The Federation of Environmental Trade Associations (FETA), of which The Building Controls Industry Association (BCIA) is part of, is working hard on behalf of its members to ensure the ongoing issues over retentions are being addressed with the Government.

As an Association, FETA recognises that fair and transparent payment practices are essential for the construction industry to thrive. The significant issues surrounding cash retentions across the supply chain, as highlighted by Carillion entering liquidation in January 2018, demonstrates the importance of late and non-payments being addressed within the sector.

It is estimated that £7.8 billion in retentions has been unpaid in the construction sector over the last three years, while more than £700 million was lost by small and medium sized businesses as a result of companies holding onto their cash and then going bust. This has been a long-standing issue for FETA as it supports its members, many of them SMEs who have been affected during past and current projects.

On 09 January 2018, the first reading of a new retentions bill was successfully introduced under the “Ten Minute Rule” in parliament by Mr Peter Aldous MP. Aldous proposed the ring-fencing of retention monies, as it protects against the insolvency risk but also actively disincentives deliberate abusers of the system. A second retention bill will take place at the House of Commons on 27 April 2018.

Prior to the inaugural reading of the retentions bill, in December 2017, the Government launched a consultation concerning payment practices in the construction sector. Consequently, Build UK and the Civil Engineering Contractors Association (CECA), with the support of Construction Products Association (CPA), have jointly responded and called on the Government to introduce legislation to ensure there is zero cash retention within the construction industry by no later than 2025.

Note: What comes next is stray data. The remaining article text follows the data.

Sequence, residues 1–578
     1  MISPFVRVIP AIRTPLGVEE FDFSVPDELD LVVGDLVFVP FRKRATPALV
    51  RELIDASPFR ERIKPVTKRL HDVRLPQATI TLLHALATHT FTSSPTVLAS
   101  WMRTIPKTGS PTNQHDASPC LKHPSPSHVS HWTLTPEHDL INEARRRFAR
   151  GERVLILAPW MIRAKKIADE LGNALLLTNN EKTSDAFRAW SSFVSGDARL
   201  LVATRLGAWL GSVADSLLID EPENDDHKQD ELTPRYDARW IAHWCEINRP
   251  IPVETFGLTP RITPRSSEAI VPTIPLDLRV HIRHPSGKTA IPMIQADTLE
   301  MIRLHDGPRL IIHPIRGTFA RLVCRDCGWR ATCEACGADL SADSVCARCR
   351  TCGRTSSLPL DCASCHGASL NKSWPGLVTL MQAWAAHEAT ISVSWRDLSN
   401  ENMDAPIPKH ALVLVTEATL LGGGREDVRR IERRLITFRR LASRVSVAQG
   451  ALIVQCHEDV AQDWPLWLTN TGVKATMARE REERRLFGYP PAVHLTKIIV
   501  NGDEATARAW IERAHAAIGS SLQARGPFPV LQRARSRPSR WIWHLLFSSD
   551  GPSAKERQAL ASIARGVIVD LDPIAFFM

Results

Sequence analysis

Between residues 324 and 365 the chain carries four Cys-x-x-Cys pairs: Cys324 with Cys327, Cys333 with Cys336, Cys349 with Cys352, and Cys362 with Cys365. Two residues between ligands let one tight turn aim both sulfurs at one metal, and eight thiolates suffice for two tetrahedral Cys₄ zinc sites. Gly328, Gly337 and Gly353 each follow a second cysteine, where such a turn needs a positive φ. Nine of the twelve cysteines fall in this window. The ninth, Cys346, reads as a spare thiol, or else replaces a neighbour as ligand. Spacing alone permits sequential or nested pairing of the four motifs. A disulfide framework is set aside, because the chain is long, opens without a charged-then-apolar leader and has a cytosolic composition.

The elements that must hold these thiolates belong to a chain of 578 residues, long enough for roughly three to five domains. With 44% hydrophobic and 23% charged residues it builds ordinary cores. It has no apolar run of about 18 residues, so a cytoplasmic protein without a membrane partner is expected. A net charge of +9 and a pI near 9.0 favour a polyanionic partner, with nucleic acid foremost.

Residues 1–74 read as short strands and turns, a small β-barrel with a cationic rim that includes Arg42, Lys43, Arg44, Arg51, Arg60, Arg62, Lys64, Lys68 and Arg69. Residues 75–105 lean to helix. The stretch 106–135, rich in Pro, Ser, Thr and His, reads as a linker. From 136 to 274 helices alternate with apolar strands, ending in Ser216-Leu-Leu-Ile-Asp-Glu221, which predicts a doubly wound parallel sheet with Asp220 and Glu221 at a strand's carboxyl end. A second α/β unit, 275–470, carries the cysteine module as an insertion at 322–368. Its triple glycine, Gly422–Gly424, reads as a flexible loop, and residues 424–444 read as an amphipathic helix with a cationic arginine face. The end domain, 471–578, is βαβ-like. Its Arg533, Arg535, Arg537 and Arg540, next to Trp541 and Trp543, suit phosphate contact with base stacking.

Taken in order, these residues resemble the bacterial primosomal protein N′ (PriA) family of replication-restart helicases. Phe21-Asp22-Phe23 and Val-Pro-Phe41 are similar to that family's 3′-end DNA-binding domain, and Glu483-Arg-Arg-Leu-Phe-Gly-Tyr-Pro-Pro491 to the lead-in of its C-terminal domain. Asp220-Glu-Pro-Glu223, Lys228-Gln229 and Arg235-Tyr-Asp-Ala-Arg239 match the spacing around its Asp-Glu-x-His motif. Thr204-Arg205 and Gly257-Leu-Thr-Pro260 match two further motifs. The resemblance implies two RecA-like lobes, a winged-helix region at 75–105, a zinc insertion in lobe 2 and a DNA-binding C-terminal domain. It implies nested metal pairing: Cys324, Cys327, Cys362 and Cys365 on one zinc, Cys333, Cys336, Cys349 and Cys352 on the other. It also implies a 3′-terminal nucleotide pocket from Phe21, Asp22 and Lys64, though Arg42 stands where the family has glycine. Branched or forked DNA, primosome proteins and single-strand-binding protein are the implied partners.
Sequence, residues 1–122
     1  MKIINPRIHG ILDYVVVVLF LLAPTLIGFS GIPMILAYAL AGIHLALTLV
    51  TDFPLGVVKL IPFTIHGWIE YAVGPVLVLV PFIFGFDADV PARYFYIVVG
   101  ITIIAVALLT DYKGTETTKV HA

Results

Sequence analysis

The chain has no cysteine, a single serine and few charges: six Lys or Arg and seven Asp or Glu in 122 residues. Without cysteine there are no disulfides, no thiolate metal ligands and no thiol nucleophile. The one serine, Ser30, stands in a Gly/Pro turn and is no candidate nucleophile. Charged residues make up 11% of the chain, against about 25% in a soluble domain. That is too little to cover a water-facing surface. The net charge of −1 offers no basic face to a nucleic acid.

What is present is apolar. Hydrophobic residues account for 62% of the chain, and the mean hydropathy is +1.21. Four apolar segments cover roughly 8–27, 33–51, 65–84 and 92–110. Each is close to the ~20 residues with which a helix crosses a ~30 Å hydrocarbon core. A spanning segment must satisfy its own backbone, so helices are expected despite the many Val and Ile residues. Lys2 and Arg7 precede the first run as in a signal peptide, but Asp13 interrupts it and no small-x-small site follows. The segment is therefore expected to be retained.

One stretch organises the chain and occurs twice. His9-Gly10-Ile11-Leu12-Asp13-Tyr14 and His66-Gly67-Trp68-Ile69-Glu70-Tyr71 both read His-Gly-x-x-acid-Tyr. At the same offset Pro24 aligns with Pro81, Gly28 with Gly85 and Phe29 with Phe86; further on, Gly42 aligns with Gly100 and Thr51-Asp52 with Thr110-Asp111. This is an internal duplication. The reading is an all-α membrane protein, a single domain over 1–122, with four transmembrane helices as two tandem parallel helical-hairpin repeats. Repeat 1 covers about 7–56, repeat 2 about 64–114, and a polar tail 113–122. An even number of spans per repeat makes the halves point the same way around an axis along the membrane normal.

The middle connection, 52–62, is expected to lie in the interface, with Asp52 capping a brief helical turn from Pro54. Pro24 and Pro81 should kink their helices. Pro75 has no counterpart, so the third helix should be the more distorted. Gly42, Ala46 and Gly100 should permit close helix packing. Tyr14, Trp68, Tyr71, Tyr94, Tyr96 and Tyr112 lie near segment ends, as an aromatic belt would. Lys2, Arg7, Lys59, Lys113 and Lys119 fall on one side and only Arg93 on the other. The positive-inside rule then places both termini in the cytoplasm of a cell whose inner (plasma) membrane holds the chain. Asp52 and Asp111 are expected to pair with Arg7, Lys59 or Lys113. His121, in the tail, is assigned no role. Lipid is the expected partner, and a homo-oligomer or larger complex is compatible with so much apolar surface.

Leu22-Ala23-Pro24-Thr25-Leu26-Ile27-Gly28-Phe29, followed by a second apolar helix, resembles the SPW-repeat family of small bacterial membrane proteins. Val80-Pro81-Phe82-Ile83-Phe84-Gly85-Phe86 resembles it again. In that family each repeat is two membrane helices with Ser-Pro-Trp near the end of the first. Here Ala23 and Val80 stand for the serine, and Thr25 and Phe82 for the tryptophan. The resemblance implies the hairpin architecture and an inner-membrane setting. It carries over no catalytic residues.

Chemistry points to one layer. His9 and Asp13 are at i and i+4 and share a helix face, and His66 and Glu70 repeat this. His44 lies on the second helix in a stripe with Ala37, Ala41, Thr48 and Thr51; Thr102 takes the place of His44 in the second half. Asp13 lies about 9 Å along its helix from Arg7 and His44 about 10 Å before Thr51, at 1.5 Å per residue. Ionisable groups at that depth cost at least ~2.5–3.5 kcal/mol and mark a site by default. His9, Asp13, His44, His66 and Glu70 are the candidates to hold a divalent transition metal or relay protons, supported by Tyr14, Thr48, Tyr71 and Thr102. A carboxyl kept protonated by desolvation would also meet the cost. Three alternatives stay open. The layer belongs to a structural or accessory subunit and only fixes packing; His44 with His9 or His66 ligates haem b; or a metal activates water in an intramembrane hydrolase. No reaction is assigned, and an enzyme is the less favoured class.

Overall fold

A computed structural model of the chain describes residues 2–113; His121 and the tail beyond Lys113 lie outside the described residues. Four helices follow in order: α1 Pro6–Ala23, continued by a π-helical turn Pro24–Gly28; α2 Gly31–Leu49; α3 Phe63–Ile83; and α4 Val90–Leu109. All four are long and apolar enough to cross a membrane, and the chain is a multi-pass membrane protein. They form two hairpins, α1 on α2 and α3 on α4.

Build UK, CECA and the CPA represent a vast range of members, including clients, contractors on the supply chain, to manufacturers and suppliers.

FETA willingly voiced their opinions on retentions and contributed fully to Build UK’s submission to the Government. FETA believes that the Government must legislate on these matters for any effective changes to happen, particularly in wake of Carillion and that the lengthy timescale of waiting until 2025 for retentions to be removed has no justifiable logic.

Russell Beattie, Chief Executive of FETA commented: “Retention payments are a deeply contentious matter for many of our members. FETA will continue to work alongside other trade associations to ensure the reform reaches a satisfactory conclusion for all parties. We welcome the second reading of the retentions bill and the response from the Government regarding the consultation. We remain convinced that legislation is the only way forward.”

The BCIA will continue to keep its members informed as and when the Government respond to the matters arising from the consultation and following the second reading of the retentions bill.